Since we had no professional actors in the movie I wanted to keep things based in reality in a sense and not have the guys have to worry too much about serious acting. None of us had been to Japan before other than Alex [Vincent, former drummer of Green River who plays himself as the band’s manager]. I didn’t wanna write as script about a place I’d never been to. That’s what led us to try improv. I knew a skeleton outline of how I wanted to explore band dynamics, situations I wanted to put them into. We had dinner at night and talked about experiences in Tokyo and about scenes we could shoot the next day. Life imitating art imitating life—and it continued like that for a long time.
When we came back I put the footage together and tried to figure out how to tie all these scenarios together and from there work on the storyline. Now that we’d been there it was easier to script movie. And I realized if I had a scripted scene the band would respond better. That was another reason to get a script together, as well as for investors. Without a script it was hard to get their attention. Once I showed them a script and showed them pieces we already shot it was easier to get them to fund the movie.
You get pretty deep into the minds and motivations of each of the characters. Do you have personal experience being in bands?
I’ve been in bands, I play guitar and also saxophone. I had a band in high school and in college I had a guy I that composed music with for my student films. I dabbled in bands when I first came to Seattle. When I started doing documentaries about the bands in $5 Cover it reminded me of my passion for music. I started playing more and got more involved as I picked up more friends who are musicians. When it came time to score my films and work with a composer, that was my chance to get back in the music scene again.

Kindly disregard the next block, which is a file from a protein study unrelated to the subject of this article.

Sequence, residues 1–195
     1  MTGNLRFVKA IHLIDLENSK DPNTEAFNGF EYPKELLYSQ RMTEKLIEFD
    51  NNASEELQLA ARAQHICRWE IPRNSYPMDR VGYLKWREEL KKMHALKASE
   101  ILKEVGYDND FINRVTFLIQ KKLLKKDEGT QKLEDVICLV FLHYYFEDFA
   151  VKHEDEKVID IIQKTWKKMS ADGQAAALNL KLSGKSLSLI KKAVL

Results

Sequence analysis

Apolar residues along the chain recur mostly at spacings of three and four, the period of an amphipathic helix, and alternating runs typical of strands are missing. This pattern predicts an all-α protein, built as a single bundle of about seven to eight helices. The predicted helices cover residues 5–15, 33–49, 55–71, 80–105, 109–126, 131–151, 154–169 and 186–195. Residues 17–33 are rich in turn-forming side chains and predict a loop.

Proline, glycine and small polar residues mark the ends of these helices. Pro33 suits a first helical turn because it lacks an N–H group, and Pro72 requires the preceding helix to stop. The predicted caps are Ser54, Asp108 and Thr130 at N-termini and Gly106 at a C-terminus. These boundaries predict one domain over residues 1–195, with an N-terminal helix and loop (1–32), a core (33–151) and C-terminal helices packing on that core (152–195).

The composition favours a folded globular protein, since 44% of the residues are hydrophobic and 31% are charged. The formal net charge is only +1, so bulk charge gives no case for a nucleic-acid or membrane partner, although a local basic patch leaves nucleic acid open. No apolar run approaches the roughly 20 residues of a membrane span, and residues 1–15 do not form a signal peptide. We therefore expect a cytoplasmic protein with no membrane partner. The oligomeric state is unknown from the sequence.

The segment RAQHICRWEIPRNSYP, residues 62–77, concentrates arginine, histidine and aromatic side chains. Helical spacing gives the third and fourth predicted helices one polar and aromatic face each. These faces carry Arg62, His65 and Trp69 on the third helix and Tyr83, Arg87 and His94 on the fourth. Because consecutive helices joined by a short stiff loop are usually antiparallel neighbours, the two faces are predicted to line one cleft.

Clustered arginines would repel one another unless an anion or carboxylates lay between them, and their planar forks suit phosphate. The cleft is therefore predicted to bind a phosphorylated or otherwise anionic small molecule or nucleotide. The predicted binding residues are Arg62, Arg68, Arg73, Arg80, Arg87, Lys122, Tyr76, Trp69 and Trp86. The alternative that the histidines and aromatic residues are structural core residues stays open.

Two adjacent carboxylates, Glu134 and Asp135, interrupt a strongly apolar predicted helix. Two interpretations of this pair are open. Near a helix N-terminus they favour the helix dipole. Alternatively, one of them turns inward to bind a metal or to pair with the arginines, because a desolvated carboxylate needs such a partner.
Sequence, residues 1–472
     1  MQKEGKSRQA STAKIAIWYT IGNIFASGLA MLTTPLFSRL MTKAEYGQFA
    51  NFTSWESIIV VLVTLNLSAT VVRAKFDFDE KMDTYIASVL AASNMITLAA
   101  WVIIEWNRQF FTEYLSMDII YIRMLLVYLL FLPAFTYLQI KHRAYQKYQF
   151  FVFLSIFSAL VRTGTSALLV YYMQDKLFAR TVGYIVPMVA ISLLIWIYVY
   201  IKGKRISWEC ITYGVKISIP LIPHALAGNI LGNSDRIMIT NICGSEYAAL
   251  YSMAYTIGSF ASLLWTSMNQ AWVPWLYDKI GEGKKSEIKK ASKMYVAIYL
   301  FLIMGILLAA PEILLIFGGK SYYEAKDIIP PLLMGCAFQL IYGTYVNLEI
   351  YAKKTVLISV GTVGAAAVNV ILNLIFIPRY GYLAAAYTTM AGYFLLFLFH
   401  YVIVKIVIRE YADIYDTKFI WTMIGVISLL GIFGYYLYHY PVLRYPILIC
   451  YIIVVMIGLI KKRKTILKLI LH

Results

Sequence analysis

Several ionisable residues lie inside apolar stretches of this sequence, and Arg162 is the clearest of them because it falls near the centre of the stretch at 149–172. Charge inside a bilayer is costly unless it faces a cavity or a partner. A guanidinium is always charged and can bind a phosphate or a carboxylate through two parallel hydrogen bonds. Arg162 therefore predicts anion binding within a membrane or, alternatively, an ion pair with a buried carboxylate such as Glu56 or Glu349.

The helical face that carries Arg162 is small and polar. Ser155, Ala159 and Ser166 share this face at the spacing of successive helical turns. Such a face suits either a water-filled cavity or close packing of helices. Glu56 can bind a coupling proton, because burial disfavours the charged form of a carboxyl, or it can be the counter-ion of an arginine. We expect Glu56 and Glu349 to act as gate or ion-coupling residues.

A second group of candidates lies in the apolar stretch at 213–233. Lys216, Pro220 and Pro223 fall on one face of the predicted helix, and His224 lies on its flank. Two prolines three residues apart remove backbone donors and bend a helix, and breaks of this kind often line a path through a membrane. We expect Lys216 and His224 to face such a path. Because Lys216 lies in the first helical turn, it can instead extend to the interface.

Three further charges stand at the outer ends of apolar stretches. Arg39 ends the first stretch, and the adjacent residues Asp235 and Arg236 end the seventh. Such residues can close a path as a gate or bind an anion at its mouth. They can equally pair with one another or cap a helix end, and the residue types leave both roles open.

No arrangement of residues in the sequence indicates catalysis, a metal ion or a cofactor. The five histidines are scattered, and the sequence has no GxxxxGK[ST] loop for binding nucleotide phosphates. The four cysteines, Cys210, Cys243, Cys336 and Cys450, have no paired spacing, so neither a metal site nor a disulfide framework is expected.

I knew what it’s like to have that passion as well as experience first hand how band dynamics work. That’s something I was excited to explore in the movie. Another thing was balancing responsibility with passion. How far are you willing to go to follow your dreams and how irresponsible can you allow yourself to be pursuing those dreams? Phil has a family and kids but he still needs to be who he is and pursue music. It think that’s something a lot of people can relate to, balancing creative life with corporate life.
We showed this movie to a lot of musicians who really clicked with it, more so than people who have never been involved in music.